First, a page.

Italy is known for quality products in many categories. They’re known for their cars, their clothes, and most importantly, their Italian furniture like B&B. They not only produce wonderful designers, but also the companies dedicated to bringing these designs to life, for a lifetime. This unrivaled mix of beauty and quality is what attracts collectors in droves.
Before his death in New York in 2016 pop icon David Bowie had been quietly collecting the provocative and colorful work of Italian furniture designer Ettore Sottsass. A true radical in every sense, Sottsass founded the Memphis group in 1981, storming the design world with a postmodern flourish while hanging out with the Beats in California, photographing the famous (Dylan, Helmut Newton, Picasso) and womanizing on a grand scale (he reportedly photographed every bed in which he had sex).
1980s design movement started in 1981 by Ettore Sottsass and a group of young designers who wanted to challenge the established notions of good design at the time. Photo by Zanone.
Of course, not all icons of Italian design were or are as out-there as Sottsass. Most Italian furniture design is known for its quintessential class and elegance. There are some things, however, that all fine Italian design has in common – an innate individuality and a quality and level of craftsmanship that’s unsurpassed.
Just the names of Italy’s leading furniture companies hold an allure -- B & B Italia, Cassina, Minotti, Cappellini, Poltrona Frau, Maxalto – and the Milan Furniture Fair becomes the epicenter of the design world in April each year.
And it’s not just classic Sottsass pieces collectors are clamoring after on the secondary market. Such exceptional quality does not come cheap, so upscale designer resale sites such as 1st Dibs and Modern Resale are worth searching for gently-used Italian classics at lower than new prices. On Modern Resale, for example, a B&B Italia Tufty Time sectional sofa that retails new for $19,900 can be purchased for $11,500, while a Tom Dixon S Chair by Cappellini will set you back $1,500 rather than the retail price of $2,500. What makes Modern Resale so special is they've got a store dedicated to Los Angeles Furniture Consignment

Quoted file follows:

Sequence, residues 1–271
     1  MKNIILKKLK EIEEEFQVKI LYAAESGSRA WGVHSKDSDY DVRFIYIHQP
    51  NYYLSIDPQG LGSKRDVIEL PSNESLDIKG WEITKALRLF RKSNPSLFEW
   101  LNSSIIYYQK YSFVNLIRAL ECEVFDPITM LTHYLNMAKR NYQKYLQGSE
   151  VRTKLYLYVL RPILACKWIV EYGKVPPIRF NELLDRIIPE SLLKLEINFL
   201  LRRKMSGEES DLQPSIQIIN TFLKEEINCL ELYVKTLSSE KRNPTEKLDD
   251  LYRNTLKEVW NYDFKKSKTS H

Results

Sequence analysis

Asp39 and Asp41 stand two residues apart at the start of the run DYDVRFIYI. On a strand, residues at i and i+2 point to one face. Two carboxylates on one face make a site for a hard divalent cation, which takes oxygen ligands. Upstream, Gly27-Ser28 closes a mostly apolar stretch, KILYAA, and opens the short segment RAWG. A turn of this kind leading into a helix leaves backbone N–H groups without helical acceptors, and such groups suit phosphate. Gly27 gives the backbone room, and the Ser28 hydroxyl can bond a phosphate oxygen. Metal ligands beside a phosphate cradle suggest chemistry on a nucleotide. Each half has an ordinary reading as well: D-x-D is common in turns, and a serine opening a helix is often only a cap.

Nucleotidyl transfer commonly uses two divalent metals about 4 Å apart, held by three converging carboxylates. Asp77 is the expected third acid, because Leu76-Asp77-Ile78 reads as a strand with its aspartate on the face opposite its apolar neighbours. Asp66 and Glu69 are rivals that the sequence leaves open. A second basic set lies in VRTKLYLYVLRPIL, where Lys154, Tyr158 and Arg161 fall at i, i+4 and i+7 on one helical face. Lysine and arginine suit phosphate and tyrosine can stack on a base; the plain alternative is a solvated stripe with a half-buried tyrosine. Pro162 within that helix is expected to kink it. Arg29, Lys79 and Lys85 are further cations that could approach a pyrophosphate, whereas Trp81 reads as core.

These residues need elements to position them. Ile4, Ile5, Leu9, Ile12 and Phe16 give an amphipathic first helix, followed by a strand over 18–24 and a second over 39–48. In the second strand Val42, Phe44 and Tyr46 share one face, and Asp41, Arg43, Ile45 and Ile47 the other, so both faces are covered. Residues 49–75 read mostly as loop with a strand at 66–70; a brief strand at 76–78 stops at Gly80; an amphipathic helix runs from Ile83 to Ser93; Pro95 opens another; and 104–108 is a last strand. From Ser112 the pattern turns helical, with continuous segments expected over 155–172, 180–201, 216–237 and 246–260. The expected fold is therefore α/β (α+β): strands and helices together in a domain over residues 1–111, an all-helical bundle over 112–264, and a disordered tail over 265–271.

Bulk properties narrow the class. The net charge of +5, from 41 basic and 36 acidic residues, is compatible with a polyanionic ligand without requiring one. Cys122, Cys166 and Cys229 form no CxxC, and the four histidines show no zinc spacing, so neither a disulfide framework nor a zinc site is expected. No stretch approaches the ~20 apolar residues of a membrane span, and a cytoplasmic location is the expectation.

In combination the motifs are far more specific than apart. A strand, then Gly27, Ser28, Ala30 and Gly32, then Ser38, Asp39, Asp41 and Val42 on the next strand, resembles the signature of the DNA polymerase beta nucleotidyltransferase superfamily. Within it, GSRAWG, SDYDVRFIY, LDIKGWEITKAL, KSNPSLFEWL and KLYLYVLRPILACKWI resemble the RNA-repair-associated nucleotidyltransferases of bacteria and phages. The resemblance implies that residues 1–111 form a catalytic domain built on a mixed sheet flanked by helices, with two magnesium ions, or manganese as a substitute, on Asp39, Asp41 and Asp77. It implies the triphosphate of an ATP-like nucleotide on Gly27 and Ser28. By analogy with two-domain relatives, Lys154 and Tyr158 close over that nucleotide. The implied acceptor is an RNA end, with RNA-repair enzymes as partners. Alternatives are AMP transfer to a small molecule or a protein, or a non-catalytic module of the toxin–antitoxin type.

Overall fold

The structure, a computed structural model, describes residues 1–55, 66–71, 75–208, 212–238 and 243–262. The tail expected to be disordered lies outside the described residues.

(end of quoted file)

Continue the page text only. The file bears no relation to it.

B&B Tufty Time sectional sofa designed by Patricia Urquiola (left) and Cappellini S Chair designed by Tom Dixon (right) available for resale through Modern Resale shop.
So what makes modern Italian furniture so exceptional?
Take B&B Italia, for example. Founded in 1966, and owned by the family of founder Piero Ambrogio Busnelli until two years ago when it was acquired by Invest Industrial, the company has produced the designs of Sottsass, Gio Ponti, Renzo Piano, Antonio Citterio, Patricia Urquiola and Zaha Hadid.
B&B italia Charles sofa and Minotti Catlin and Neto coffee tables purchased from Modern Resale for a Venice, CA home. Photos by Modern Resale.
Current CEO Giorgio Busnelli, son of the founder, recently told Architectural Digest that his father “saw a huge opportunity in design, and consequently in new technologies and industrial processes, to reach the highest expressions of quality and designers’ creativity, to be exported worldwide – in a moment when classic furniture seemed to be the only possibility. We honor this technical approach by continuing to commit to research and innovation through our internal Research & Development Centre."
Busnelli’s personal favourites from the B & B Italia stable include the Charles sofa, designed in 1997 by Antonio Citterio and the Diesis sofa, designed in 1979. Other iconic designs include Gaetano Pesce’s Up chair and Antonio Citterio’s Harry sofa.